The Franks have opened ways for the southern and northern Armies, so they launched a total invasion. Ljudevit concluded that all resistance would be futile, so he retreated to a stronghold that he built on top of hill that was heavily fortified; while his people took shelter in local forest and swamps. Ljudevit did not negotiate with the Franks. The Franks eventually retreated from his lands, with their ranks thinned by disease which the northern forces caught in the marshes of Drava. The Slavs from Carantania lost their internal independence and were forced to recognize the Friulian margrave Balderic as their ruler, while some remained loyal to Ljudevit. Prince Borna died in 821, and was succeeded by Ljudevit's nephew, Vladislav. Emperor Louis recognized as Prince of Dalmatia and Liburnia in February 821 at the Council of Aachen.

The Emperor discussed again about war plans against Ljudevit on that Council. The Franks decided to repeat the progress, and push towards Ljudevit from three sides again. Ljudevit saw that it was obvious that he couldn't fight the Franks on open field, so he began to construct massive fortifications. He was helped by the Venetian Patriarch Fortunat who sent him architects and masons from Italy.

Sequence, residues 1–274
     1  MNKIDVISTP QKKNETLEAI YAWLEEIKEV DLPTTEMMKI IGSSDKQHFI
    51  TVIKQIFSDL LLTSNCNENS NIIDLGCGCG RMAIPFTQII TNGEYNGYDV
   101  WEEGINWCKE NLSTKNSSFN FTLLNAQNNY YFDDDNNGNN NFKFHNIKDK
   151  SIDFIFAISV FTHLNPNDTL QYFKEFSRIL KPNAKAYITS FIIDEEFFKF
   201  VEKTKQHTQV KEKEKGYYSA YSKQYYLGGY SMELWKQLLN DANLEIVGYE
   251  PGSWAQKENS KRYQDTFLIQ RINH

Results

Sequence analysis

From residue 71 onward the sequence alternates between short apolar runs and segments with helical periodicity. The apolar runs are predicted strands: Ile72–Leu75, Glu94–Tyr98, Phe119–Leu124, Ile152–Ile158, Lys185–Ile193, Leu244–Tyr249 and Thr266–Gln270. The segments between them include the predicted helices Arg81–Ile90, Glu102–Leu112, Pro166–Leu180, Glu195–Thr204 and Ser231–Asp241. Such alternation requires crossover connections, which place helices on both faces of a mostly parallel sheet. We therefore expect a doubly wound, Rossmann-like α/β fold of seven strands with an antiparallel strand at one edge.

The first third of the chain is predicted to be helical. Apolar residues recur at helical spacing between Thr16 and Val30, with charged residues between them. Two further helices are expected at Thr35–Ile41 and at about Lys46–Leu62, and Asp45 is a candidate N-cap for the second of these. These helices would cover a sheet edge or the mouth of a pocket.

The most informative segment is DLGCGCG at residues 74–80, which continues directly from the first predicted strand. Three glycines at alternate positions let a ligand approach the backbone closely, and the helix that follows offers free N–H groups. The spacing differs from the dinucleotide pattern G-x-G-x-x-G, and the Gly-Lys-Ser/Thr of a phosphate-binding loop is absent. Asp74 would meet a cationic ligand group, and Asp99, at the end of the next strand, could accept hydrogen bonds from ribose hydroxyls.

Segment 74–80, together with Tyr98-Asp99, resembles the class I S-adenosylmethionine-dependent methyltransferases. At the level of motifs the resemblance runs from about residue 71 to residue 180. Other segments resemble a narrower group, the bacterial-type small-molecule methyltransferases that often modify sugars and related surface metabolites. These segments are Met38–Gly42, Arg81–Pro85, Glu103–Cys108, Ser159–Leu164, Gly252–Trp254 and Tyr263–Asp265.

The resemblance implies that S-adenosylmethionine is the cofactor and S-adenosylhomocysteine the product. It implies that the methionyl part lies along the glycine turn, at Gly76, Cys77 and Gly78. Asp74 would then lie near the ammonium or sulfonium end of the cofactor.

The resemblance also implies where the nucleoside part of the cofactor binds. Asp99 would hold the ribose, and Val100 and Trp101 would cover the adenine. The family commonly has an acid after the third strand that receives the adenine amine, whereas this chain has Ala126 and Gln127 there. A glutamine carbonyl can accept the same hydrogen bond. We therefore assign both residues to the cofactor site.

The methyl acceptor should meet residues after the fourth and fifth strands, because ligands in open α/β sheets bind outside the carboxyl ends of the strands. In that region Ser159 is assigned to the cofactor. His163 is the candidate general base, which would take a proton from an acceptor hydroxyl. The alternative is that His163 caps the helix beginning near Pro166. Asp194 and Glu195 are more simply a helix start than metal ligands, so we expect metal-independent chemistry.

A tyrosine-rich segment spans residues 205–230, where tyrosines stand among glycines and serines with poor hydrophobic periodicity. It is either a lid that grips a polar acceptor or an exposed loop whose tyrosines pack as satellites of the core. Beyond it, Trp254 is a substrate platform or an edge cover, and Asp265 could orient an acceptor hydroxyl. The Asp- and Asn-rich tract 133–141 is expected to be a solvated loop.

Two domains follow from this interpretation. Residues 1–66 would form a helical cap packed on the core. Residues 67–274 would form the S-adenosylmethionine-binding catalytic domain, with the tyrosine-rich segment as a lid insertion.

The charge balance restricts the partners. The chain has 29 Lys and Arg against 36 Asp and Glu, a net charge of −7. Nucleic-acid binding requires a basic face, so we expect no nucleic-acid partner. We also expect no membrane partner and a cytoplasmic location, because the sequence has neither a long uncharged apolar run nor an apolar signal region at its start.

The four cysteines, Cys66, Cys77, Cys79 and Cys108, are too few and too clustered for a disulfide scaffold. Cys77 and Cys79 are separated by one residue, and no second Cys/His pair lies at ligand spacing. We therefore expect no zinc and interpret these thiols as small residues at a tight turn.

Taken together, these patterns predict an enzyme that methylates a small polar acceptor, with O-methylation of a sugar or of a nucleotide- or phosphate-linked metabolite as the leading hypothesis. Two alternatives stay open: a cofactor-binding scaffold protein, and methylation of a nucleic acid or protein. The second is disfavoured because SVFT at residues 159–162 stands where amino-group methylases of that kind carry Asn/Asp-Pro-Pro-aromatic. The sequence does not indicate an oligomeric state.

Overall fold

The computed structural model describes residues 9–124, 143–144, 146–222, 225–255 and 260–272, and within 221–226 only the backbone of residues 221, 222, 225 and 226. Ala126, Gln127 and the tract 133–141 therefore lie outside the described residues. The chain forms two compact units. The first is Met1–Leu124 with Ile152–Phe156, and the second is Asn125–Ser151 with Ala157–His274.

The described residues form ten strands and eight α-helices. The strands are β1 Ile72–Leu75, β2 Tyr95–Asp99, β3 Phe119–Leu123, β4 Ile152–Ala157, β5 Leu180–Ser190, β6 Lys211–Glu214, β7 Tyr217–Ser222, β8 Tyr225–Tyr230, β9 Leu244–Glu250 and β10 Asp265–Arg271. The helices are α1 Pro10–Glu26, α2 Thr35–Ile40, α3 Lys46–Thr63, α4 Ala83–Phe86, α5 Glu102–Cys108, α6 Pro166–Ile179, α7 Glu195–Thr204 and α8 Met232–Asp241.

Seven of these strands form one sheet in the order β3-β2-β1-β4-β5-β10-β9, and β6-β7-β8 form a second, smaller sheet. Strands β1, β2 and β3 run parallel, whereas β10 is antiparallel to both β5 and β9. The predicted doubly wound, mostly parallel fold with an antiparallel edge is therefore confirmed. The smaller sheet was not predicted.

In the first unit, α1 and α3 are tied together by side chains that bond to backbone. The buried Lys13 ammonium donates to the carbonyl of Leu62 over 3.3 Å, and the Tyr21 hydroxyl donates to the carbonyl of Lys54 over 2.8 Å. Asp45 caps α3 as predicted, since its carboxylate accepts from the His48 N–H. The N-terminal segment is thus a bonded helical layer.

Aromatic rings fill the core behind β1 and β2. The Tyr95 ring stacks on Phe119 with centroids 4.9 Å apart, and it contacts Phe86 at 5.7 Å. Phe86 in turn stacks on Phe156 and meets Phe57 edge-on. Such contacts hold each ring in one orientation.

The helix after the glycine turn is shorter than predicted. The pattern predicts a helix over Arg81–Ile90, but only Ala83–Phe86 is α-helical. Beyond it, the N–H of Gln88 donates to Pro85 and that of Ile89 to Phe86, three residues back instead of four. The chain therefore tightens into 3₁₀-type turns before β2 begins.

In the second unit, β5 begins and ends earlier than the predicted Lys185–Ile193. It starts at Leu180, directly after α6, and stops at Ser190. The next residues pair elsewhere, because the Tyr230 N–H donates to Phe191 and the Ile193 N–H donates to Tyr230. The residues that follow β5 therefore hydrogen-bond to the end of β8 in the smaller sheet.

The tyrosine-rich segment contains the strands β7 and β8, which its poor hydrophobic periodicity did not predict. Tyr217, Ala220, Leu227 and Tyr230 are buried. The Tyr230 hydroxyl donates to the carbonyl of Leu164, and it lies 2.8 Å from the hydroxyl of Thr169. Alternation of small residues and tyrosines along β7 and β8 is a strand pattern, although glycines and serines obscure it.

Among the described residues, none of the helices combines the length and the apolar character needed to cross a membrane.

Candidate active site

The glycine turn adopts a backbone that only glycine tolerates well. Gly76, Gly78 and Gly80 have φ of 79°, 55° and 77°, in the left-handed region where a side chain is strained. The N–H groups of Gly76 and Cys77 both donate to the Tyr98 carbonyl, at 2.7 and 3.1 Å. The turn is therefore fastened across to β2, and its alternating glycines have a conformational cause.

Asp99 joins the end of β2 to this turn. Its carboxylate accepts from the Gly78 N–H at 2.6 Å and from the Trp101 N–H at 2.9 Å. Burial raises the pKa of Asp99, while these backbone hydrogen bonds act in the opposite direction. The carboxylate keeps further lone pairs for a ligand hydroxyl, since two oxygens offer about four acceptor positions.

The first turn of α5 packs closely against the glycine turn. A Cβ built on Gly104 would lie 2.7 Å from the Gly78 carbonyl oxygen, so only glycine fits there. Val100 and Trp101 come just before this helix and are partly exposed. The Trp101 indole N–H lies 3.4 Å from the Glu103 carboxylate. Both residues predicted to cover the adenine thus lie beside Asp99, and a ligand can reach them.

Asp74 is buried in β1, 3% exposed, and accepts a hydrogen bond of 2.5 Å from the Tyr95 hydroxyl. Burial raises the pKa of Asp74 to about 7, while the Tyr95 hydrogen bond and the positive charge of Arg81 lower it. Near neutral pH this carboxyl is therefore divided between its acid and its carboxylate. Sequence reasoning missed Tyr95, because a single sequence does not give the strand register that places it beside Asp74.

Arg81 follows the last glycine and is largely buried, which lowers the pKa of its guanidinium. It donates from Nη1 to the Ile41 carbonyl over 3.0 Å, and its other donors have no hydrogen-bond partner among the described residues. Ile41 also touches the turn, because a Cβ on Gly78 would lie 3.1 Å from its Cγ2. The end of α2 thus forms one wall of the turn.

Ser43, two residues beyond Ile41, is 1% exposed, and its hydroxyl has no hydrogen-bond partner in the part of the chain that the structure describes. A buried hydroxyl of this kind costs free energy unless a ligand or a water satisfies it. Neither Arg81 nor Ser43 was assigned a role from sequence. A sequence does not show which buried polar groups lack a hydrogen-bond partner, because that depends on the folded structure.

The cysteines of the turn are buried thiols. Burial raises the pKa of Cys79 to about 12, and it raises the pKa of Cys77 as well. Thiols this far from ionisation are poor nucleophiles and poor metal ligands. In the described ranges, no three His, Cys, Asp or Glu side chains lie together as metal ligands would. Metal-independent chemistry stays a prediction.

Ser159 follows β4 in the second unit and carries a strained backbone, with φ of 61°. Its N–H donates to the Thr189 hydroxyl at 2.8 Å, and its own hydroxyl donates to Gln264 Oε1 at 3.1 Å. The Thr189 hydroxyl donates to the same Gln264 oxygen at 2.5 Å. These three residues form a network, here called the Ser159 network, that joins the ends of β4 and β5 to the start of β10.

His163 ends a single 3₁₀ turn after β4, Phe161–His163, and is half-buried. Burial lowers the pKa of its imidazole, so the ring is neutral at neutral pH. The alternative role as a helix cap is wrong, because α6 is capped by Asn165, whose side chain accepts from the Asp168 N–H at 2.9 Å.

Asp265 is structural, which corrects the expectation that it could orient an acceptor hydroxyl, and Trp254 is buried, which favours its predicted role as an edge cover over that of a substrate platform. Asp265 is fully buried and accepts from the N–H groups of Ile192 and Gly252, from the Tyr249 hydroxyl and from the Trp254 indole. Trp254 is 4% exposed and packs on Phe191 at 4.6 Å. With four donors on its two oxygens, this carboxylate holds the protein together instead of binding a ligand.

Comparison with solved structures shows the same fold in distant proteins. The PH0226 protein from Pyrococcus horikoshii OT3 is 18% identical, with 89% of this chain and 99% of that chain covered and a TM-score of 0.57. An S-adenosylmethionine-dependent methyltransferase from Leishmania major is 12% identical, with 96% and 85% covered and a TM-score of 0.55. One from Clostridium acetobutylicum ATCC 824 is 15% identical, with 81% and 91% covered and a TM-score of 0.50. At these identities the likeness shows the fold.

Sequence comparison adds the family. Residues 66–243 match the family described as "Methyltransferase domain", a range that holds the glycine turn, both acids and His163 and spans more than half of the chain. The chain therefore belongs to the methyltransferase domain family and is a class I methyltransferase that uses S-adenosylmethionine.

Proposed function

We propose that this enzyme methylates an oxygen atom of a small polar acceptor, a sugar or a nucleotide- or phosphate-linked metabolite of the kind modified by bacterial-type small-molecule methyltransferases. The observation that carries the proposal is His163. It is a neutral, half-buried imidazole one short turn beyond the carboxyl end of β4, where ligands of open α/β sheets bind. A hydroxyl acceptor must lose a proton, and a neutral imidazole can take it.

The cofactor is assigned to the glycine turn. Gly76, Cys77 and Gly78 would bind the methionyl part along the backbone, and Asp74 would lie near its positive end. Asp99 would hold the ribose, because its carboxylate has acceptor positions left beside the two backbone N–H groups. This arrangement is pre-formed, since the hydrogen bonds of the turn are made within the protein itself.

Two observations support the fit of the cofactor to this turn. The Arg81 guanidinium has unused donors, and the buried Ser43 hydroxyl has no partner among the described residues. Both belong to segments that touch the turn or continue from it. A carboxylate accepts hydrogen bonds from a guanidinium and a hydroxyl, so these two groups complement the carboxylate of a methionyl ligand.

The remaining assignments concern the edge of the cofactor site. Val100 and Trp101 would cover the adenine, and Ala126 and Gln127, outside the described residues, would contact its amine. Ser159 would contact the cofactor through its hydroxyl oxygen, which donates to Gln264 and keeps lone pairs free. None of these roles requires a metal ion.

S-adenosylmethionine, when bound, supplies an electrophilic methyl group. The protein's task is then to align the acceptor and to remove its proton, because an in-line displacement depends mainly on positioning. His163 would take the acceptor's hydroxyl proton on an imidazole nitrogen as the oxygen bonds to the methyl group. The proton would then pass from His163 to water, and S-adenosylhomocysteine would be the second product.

During the last and final Frankish invasion of 822, the Patriarch from Grad, Fortunat, who was a supporter of Ljudevit, fled to Zadar into exile with the Byzantines.

Flight to Serbs and death

Slavic principalities in ca. 814 AD.

According to Einhard, the writer of the Royal Frankish Annals, following the final Frankish attack, Ljudevit fled from his seat in Sisak to the Serbs in 822 (Siscia civitate relicta, ad Sorabos, quae natio magnam Dalmatiae partem obtinere dicitur, fugiendo se contulit.).[5][6] In the contemporary Vita Hludovici that description of the Serbs is omitted.[7] Ljudevit later killed the local Serbian ?upan who took him in and temporarily took over the rule in his ?upa.[8] He soon sent an envoy to the Frankish court, claiming that he is ready to recognize the Frankish Emperor Louis the Pious as his supreme ruler.[9] However, he again fled, now to Ljudemisl, Borna's uncle in Dalmatia which was the time ruled by new duke Vladislav. In the end Ljudemisl treacherously killed him.[8][3]